Science 2.0 Conference

The University of Toronto runs a course introducing the practice of software development for graduate students in science and engineering. This is the Software Carpentry course and most recently ran as an intensive three week session during July 2009. The course notes are available online and on review you can appreciate the pragmatic approach taken by the course. It covers the core development practices and processes that should enable the solo or small team development effort to write a working, small to medium sized, system while reducing the chance of going off the rails. Most of this aligns with the way Intelliware sees development and this content could well provide some guidance to our co-op students and possibly full time hires.

As part of the course the supervising professor, Greg Wilson, organized an afternoon conference on the theme of scientific programming and the internet: Science 2.0. The afternoon included six presentations mostly focused on Scientific programming related to the course, however the internet infused most of the talks such that there was a lot of interest to programmers in the industry too. The presenters were from the North America and Europe, all accomplished, a few of which I had known about before; outstanding for an afternoon adjunct to a university course.

  • C. Titus Brown – Choosing Infrastructure and Testing Tools for Scientific Software Projects – (deVilla)
  • Cameron Neylon – A Web Native Research Record: Applying the Best of the Web to the Lab Notebook – (SlideShare, deVilla)
  • Michael Nielsen – Doing Science in the Open: How Online Tools are Changing Scientific Discovery
  • David Rich – Using “Desktop” Languages for Big Problems
  • Victoria Stodden – How Computational Science is Changing the Scientific Method – (deVilla)
  • Jon Udell – Collaborative Curation of Public Events – (SlideShare)

A sample of some of the items that caught my interest during the afternoon:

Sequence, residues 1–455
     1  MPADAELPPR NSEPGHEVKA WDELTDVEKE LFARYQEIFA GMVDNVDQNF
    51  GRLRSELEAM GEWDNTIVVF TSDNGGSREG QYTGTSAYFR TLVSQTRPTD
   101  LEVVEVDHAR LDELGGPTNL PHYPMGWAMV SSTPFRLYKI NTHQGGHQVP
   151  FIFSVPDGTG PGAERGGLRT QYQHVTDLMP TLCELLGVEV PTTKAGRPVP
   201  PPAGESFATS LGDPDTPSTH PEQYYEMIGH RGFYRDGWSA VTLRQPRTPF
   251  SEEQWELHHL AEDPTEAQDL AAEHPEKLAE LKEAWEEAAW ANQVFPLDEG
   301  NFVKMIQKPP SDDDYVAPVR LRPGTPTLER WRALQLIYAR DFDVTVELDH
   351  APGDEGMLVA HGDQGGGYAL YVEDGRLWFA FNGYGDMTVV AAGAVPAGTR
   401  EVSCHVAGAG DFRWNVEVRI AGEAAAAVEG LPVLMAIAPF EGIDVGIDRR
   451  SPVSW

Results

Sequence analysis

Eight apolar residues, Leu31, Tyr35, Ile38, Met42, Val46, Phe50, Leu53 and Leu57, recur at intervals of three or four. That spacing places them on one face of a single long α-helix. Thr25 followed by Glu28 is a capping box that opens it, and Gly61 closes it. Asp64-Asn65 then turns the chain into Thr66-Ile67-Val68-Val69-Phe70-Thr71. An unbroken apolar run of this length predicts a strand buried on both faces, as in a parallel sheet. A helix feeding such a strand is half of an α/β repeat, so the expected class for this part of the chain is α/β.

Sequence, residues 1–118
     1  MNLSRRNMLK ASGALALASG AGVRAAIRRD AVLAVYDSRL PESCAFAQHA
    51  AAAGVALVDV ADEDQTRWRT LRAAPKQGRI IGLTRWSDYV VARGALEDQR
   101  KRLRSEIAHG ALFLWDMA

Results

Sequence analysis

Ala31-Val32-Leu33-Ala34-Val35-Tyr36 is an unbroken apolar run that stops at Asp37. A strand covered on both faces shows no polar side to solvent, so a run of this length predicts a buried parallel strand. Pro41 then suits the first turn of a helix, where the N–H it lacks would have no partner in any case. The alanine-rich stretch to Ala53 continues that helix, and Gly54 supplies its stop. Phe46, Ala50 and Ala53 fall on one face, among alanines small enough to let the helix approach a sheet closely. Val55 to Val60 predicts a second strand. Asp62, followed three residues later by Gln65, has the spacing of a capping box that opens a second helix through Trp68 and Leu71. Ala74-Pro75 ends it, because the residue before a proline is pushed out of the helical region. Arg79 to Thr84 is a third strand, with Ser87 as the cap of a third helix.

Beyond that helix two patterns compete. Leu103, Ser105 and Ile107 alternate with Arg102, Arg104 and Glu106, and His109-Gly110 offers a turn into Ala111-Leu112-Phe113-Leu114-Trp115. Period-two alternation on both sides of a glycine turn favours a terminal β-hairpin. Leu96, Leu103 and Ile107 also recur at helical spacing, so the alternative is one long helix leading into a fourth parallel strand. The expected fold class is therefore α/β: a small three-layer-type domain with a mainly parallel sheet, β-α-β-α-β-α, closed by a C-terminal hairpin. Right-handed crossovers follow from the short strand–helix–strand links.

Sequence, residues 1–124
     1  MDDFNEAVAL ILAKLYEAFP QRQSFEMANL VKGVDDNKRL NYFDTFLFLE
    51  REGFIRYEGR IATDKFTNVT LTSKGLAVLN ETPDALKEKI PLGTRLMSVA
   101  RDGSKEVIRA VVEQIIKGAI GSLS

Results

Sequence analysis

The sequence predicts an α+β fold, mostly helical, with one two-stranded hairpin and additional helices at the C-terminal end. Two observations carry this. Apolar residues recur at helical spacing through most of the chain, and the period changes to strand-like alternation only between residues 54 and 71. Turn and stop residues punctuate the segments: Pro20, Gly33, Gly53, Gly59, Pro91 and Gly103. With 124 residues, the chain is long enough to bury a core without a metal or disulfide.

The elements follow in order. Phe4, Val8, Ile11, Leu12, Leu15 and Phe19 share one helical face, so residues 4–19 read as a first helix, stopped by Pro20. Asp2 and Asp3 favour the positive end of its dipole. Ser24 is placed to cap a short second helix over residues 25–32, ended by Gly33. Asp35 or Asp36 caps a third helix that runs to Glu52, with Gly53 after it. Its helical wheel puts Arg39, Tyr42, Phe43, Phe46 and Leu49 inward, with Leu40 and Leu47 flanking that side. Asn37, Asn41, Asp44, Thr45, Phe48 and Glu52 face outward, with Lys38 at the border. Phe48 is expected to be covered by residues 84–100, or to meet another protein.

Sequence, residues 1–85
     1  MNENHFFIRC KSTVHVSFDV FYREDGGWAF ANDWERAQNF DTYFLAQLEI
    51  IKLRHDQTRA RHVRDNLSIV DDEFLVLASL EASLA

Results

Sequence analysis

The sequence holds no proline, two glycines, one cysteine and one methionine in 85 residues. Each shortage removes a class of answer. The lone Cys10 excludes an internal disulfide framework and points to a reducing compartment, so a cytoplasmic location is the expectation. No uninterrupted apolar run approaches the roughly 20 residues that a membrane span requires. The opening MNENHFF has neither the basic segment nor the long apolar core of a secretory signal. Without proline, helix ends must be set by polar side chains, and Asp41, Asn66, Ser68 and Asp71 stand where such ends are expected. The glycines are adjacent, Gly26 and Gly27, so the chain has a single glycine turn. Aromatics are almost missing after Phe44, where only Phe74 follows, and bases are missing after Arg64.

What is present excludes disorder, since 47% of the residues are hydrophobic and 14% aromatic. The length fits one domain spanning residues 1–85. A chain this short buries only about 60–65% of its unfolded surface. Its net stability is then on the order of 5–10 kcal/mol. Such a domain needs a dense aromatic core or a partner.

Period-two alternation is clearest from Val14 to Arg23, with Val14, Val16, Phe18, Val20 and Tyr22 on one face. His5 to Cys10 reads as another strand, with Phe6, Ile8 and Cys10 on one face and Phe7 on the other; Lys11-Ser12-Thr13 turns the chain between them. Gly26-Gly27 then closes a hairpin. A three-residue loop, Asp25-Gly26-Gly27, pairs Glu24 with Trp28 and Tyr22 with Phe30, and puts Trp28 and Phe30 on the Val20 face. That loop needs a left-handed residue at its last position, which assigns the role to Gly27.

Cameron Neylon, a research scientist from the UK, discussed approaches for moving the laboratory notebook into the internet era and his own work in the field. The lab notebook provides the working notes for the researcher and also evidence for publication. One of the interesting aspects here was allowing the notebook to include data submitted by the devices involved in the experiment, for example when different chemicals are mixed together then the details of those chemicals, precise date and time, volumes, the operator, and also details of the environment such as temperature. The machines become responsible for recording their own activity and as a result the constituent parts of the experiment, the machinery, and the operations, become represented in the virtual space. From this the precise steps for the all the related experiments can be found, the history of the machine, successes and failures, and so on. All the material to recreate the experiment. A lot of this ties into commercial needs for cheap data collection and sharing.

In a side comment it was mentioned how the effective announcement that water had been discovered on another planet for the first time, quite a significant event, was from the Mars Phoenix twitter feed.

Perhaps others are doing this, however he showed a creative commons style licence for slide show at the beginning of the presentation – you can see a capture at the start of deValla’s notes.

Victoria Stodden covered the difficulty in reproducing experimental data for computational science. The volume of generated data might be huge, for example from climate models, the application code might be very complicated, recreating the execution environment, providing an understanding of the code for others to be able to understand the intricacies of the behaviour and for them to develop variations, and matching the sometimes substantial computing capacity to run a huge model.

Intelliware has struggled with the related problem of customers being able to take over development of customer software that is written for them. The code is not enough. Some of the solutions that we have talked about, such as prepackaged VMWare machines suitable for development or running the service from, were covered by the presenter.

Michael Nielsen documented how the use of common internet communications systems are still being explored and turned to other uses. Following one thread, the blog of the mathematician Terry Tao presents a series of extensive blog articles across the field of mathematics, often starting with introductory material before moving onto a summary of past explorations before leaving off with conjectures from the sharp edge of the field. These blogs items are quite different in scope and coverage than you typically see. It seems that a number of leading mathematicians having similar blogs, and that these blogs are driving alternative forms of collaboration within the field. There are restructuring experts attention, a scarce resource. This gets more explicit with websites such as InnoCentive that models this as a market for expert attention. Solution seekers put out a request and a reward for a solution.

Additional cryptic notes:

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